I've been hooked on books since childhood, and still am. I usually have at least three books going at any given time. After nearly two decades teaching middle school, I've developed strong opinions about YA fiction. A married mother of many adult children, and a practicing Catholic, my moral paradigms do play into my reviews.
How did I not notice this novel until now? Shame on me! Go buy it, all of you! Go now and get the whole set! I'm in process of getting the rest of them into my hot little hands.
The book opens with a marvelous "Note on the text", explaining that these folk tales from the Annaren society have not ever been translated into English before. The legends of the Edil-Amarandh people are therefore being here presented for the first time by the author. This intro lends a bit of historicity to the book. It is of course utterly fictional, but still, a delightful device.
Maerad, our heroine, is a lowly slave in her mid-teens, living in a pretty depressing mountain stronghold at the beginning of the book. She's considered a bit of a witch, and has only a few memories of her mother to console her in her lonely life. An accidental encounter in a barn changes everything: or was it accidental at all? Escaping her life of sorrow and drudgery with a strange man named Cadvan puts her on a road filled with danger and surprises, but also many delights.
They must first escape the evil that holds her in her mountainous prison. Along the way, Cadvan begins to suspect there is far more to Maerad than even she knows. He is a Bard, a musician and teacher. All Bards in the land of Annar are teachers of some kind, or makers, of everything from music and writing to swordplay and carpentry. The Barding schools, scattered across the country, have traditionally been places of learning, hope, and service.... but a darkness is spreading through the land, and Cadvan is out to find out where it comes from. As he begins to know more about Maered, he begins to suspect that she is of an ancient and important line, and may in fact be the Foretold, who will save the world from being engulfed in evil. The two must travel across the land (well, not all of it yet, but I suspect that will come in the other books) to get assistance in getting Maerad instated as a Bard and to find out what is causing the growing Darkness.
SO much to like here. The author is a gifted writer who bothers to craft marvelous sentences and meaningful dialogue. The battle of Light against Darkness, obviously, The stunning poetry of the lyrics. Vast and sweeping in scale like Tolkien (it even has an awesome hand drawn map at the front, so cool!,) I found it easier to read overall. There's considerable backstory added at the end, an explanation of the "Ages" of Annar. The charmingly imperfect female lead character of Maerad is easy to love, and she visibly grows in her maturity, self-knowledge, and confidence as the book progresses, and her slightly mysterious but likable male guide, Cadvan, has a back story that is only just getting revealed as the first novel ends. The good guys are complex, not flat, and just like in real life, often disagree about thing and even aggravate one another-- but they are connected and they know it, simply because they all love the good. The bad guys are not written as flat characters either. In some cases, they even appear to be good: "demons appearing as angels of light", if you are Scriptural. But the evil they do is centered on selfishness, and the darkness that grows from that is threatening the entire land.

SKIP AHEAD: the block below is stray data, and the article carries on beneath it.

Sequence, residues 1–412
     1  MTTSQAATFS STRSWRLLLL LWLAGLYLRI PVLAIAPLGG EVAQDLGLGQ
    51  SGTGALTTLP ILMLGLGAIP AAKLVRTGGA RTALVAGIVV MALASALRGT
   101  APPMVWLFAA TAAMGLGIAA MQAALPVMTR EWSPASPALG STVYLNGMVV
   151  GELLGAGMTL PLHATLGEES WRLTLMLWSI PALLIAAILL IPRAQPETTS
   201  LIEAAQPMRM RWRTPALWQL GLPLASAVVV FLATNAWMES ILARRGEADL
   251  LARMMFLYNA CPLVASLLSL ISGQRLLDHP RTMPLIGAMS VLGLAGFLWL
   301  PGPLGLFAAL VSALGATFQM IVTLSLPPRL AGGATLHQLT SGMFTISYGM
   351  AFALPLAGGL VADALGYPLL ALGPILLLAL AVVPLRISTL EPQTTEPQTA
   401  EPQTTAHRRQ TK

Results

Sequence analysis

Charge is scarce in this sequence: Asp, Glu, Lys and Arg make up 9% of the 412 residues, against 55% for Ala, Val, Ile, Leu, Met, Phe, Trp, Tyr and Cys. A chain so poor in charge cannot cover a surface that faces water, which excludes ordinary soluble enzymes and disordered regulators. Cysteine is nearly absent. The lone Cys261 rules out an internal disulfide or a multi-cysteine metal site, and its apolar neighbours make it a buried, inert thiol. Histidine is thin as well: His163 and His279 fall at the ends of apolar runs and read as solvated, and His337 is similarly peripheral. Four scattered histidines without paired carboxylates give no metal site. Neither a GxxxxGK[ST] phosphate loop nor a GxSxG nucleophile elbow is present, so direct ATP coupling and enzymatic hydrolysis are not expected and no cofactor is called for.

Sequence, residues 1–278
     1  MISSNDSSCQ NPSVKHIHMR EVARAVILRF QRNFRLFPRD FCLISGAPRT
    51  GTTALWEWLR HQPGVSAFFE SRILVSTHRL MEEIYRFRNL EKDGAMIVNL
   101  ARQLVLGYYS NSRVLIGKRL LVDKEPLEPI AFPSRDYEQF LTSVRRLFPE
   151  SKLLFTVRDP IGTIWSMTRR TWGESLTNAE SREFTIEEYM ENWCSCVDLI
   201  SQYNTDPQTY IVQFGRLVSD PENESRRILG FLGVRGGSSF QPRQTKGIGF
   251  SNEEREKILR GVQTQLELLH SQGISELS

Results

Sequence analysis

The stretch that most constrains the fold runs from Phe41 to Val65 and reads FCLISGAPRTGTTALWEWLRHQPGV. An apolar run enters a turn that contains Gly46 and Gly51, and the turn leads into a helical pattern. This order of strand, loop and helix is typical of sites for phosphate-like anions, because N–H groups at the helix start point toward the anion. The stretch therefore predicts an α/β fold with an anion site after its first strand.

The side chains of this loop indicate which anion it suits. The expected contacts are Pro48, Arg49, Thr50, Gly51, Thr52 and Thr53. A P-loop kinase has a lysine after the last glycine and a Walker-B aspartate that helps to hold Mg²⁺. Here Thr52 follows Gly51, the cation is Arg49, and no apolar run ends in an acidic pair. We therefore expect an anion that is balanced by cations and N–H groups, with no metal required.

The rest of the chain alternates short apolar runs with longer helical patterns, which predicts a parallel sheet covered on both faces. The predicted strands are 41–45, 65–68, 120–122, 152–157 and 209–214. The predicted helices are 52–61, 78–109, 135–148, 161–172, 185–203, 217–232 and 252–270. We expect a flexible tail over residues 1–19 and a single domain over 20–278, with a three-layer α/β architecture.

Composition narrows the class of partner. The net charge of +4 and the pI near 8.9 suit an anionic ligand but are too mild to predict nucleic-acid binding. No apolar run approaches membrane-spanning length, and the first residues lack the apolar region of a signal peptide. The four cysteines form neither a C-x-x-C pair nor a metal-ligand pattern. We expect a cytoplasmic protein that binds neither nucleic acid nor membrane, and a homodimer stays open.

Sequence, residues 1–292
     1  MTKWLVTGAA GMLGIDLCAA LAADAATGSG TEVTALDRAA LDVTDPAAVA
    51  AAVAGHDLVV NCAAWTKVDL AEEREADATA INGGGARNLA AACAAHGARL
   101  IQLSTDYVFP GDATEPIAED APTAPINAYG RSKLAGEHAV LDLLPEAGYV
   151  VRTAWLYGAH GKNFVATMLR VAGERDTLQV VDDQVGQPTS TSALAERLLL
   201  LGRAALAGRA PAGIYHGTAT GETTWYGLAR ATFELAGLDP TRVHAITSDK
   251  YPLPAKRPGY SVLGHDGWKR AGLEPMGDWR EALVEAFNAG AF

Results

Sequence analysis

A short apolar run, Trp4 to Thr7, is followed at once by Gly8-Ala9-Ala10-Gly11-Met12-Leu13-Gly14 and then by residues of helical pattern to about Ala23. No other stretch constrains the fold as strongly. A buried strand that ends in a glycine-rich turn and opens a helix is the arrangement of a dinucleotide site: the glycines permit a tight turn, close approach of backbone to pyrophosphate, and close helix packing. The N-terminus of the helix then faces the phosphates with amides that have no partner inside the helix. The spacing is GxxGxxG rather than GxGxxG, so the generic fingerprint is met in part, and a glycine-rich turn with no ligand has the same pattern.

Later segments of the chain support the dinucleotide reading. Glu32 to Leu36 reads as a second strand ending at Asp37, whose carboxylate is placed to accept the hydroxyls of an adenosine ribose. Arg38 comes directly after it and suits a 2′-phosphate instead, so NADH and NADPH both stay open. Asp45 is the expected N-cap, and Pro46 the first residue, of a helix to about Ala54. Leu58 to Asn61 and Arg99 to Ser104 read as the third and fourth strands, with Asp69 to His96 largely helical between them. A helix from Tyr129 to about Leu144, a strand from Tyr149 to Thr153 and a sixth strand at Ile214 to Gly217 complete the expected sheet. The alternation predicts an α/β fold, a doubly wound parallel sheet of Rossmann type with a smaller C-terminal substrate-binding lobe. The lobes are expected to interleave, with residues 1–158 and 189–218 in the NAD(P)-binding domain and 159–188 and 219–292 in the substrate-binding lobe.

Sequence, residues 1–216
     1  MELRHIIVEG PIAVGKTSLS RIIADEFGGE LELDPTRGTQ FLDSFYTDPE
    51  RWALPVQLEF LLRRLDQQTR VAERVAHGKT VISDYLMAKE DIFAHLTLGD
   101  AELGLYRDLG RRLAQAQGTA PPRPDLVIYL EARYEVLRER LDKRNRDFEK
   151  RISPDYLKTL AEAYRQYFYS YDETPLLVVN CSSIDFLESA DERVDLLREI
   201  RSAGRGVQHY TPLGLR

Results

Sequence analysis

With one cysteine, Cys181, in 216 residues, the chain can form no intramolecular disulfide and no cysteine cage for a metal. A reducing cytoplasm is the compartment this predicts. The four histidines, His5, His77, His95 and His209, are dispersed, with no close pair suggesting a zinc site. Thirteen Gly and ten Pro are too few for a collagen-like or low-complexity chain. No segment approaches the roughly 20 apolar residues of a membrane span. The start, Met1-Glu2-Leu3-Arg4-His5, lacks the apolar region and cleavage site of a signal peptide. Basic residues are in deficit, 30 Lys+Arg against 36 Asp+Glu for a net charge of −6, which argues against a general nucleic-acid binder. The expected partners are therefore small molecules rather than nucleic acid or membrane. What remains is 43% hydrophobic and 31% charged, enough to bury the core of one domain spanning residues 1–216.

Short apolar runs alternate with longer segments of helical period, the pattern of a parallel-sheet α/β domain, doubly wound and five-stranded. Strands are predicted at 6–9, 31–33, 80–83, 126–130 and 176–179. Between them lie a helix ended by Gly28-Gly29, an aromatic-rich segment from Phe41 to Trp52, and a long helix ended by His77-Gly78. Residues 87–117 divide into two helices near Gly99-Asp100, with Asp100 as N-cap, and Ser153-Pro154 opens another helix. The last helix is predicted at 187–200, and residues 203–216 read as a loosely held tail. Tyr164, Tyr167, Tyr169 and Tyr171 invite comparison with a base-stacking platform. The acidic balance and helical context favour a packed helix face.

I was utterly charmed by the beautiful lyrics to the songs in this book, and am dying to hear them sung aloud. (I had the same feeling about the songs from Anne McCaffrey's glorious Pern series, and finally managed to get my hands on a CD called MasterHarper of Pern.) If anyone knows whether or not the songs from this series have been scored and/or recorded, I would be eternally grateful.
I loved this. LOVED it. Read it in two days flat. Have already ordered the rest of the series. Ms. Croggon avoids cliches and heavy-handed foreshadowing, and (rare for me) I did not often know ahead of time what was going to happen. The bit with Hem was a great twist to the story and I hope we get to find out what develops with him as the series progresses. The characterizations are so wonderful, I feel like I know some of the people in this book as real persons.
Regarding this book for children: I highly recommend it. The book contains no sex and the only romance present is shown between married couples, with the exception of one poignant kiss for Maerad. Scary monsters/ evil creatures like weyrs and wights, do appear, and there are several instances which refer to bad guys doing terrible things to innocent people, especially towards the end as Maerad's memories return. But I would say, nothing a 6th grader (say age 11?) cannot handle, especially if they have already read anything by Tolkien, or The Hunger Games.
Put it in every school library and push it at your children. Make them listen to the audio CD in the car. This is a great book for young adults ... and for us regular ones, too.